-if your workload is IO-bound, try RAID 10 with SAS disks. A RAID 10 controller with BBU could work wonder.

  4. #4
    Join Date
    Apr 2009
    New York City
    I would limit the users download and upload speed. It should help a little bit i'd say.

  5. #5
    Join Date
    Aug 2001
    Orange County, CA
    MySQLTuner can give you some useful suggestions once the MySQL process has been running and collecting stats for a while:

    You say your load is in the 20s constantly, but what does 'top' show is eating the most CPU? MySQL? If so, you may also want to look at moving the MySQL temporary directory to another disk. Turn on the slow query log and see if busy tables are missing indexes (though with shared hosting you'll likely need to let those users know to upgrade their software or isolate them).

    And I know it's heresy in shared hosting, but you may just need to spread those sites over more than a single box; moving the heaviest trafficked sites first.
    Jeff Standen, Chief of R&D, WebGroup Media LLC. - LinkedIn
    Cerb is a fast and flexible web-based platform for business collaboration and automation.

  6. #6
    I have had success tweaking with the ServerLimit and MaxClients. I agree caching can really speed things up.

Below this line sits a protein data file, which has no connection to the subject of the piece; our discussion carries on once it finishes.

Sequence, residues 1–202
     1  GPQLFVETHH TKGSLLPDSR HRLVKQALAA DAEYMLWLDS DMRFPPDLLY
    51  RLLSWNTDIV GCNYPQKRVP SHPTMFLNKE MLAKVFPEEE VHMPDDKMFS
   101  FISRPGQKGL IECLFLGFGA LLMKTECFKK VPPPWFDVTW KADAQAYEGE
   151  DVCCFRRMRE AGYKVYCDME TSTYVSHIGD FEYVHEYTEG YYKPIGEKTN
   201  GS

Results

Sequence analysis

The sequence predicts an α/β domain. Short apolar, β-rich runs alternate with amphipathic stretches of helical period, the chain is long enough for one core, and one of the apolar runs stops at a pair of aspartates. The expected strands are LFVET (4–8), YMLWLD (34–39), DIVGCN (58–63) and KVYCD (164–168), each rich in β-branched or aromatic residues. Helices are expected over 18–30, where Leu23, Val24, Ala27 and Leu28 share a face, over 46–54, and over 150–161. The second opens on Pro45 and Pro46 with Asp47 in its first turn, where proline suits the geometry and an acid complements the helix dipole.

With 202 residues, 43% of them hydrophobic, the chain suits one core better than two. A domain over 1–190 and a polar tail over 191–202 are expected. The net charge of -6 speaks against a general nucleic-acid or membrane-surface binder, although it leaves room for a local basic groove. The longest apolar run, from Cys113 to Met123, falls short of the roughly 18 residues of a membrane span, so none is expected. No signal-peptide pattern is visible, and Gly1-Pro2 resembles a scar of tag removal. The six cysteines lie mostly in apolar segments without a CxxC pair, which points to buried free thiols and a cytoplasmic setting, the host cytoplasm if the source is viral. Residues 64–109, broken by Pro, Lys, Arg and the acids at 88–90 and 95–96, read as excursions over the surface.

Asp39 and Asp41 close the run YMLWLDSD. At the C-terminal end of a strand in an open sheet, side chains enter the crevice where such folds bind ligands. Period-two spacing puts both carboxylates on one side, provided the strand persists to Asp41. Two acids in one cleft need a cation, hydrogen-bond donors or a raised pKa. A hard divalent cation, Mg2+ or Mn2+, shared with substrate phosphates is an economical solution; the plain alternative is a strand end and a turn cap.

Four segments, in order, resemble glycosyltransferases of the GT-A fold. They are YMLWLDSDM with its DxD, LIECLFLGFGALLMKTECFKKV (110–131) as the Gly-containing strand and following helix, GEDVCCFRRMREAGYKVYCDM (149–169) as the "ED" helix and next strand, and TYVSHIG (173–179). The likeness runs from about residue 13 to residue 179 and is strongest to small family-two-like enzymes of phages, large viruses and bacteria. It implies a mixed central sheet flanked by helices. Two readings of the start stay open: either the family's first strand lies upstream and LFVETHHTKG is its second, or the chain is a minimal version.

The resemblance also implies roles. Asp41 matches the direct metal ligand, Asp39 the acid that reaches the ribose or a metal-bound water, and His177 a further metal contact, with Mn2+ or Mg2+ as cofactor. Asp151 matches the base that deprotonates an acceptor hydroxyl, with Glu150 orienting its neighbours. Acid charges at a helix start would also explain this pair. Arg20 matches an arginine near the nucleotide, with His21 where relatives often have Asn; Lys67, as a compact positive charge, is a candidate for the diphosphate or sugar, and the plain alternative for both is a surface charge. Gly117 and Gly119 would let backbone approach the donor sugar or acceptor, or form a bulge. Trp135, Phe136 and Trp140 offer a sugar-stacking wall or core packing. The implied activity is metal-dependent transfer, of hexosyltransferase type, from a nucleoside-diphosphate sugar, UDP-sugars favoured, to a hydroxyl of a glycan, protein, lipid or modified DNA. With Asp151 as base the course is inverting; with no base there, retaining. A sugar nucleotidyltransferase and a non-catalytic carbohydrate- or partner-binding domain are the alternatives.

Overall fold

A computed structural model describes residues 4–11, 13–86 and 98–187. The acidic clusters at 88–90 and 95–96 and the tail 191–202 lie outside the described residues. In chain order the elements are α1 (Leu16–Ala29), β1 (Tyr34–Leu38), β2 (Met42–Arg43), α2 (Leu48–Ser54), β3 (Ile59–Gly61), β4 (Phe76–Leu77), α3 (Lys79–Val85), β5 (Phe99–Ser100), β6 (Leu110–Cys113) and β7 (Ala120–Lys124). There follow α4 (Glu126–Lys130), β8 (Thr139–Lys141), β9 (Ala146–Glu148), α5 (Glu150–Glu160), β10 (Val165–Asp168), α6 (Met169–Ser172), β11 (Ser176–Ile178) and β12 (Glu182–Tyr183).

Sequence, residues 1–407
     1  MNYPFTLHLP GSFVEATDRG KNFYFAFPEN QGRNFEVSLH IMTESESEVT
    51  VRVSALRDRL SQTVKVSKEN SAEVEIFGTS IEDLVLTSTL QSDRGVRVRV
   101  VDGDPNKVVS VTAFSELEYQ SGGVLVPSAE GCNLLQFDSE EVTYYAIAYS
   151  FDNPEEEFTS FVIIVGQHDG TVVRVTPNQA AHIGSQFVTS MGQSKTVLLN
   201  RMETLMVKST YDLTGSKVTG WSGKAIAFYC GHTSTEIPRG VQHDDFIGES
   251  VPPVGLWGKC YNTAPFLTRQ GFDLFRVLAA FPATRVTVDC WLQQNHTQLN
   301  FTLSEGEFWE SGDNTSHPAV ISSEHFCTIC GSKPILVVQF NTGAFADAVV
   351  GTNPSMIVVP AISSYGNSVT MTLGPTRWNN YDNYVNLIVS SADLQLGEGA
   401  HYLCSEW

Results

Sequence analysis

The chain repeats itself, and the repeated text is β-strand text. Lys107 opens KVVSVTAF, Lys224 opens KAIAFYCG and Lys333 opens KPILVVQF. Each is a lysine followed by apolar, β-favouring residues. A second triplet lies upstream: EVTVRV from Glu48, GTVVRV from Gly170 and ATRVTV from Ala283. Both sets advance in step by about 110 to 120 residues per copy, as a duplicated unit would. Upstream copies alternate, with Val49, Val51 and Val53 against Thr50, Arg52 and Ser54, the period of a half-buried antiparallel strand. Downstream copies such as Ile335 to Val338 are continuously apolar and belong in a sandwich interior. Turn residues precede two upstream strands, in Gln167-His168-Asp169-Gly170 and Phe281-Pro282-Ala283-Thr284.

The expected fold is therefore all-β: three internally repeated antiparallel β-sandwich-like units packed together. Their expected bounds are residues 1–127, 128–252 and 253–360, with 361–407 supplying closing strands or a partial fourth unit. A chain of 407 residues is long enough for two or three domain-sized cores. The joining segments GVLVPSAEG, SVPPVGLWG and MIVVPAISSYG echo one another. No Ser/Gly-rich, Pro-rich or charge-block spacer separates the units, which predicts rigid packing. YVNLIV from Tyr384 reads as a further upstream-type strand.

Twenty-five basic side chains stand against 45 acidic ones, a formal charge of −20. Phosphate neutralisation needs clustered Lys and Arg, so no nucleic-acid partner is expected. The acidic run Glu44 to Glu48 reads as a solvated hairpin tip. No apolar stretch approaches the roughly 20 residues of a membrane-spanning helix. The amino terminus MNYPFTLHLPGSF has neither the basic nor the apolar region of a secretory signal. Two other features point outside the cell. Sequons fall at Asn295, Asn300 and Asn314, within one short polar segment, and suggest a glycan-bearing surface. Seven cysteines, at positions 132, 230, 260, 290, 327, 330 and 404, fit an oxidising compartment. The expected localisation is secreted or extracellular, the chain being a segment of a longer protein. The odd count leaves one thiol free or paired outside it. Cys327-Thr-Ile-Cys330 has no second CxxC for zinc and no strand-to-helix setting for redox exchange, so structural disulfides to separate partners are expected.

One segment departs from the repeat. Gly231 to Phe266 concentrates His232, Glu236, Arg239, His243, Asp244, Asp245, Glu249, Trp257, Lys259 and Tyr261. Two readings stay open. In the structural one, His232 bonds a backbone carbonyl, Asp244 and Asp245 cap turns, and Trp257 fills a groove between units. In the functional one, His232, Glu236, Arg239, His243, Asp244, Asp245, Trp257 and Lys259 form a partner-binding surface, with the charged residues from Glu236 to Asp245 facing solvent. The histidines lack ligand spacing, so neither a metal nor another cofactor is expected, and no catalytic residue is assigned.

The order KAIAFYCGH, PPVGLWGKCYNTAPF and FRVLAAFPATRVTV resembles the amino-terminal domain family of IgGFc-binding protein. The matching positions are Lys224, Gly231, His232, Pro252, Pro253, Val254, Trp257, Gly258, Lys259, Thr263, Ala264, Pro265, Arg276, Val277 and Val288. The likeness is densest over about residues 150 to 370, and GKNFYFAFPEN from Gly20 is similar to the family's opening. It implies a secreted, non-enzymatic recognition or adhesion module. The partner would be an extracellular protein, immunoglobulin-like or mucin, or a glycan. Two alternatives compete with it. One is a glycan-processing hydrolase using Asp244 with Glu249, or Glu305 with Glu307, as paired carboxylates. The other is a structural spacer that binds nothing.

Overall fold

7. #7
    Join Date
    Feb 2006
    North West England
    It may be worth moving the MySQL server onto a seperate box, and have the web server on the current box. If you've got that many sites running on one server, all using MySQL, then its likely to be the DB thats causing the issue.

    For a DB server, i'd try and go for:

    Quad core Xeon
    8Gb RAM
    Dual SAS drives (or even velociraptors)

    Caching can speed things up tremendously, but a load of 26 may be a little too much even for that - personally i'd throw another box in, and cache everything - you'll have much more breathing room then.

    Host High - reliable UK hosting

  8. #8
    Join Date
    Jun 2009
    San Francisco, CA
    As someone already mentioned, you should figure out what's eating up system resources. Run top to see memory and cpu utilization by process. Also, check on I/O wait times and overall memory utilization. See if your system is swapping memory.

    Before you know what to fix, you need to know what the problem is. :-)

    With load in the 20's, your system must be very slow.


  9. #9
    Join Date
    Mar 2005
    Limiting speed will be possible using cband. Just search from google about this cband.

    Here is quick refference:

    Best Regards
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  10. #10
    Join Date
    Mar 2009
    Chicago, IL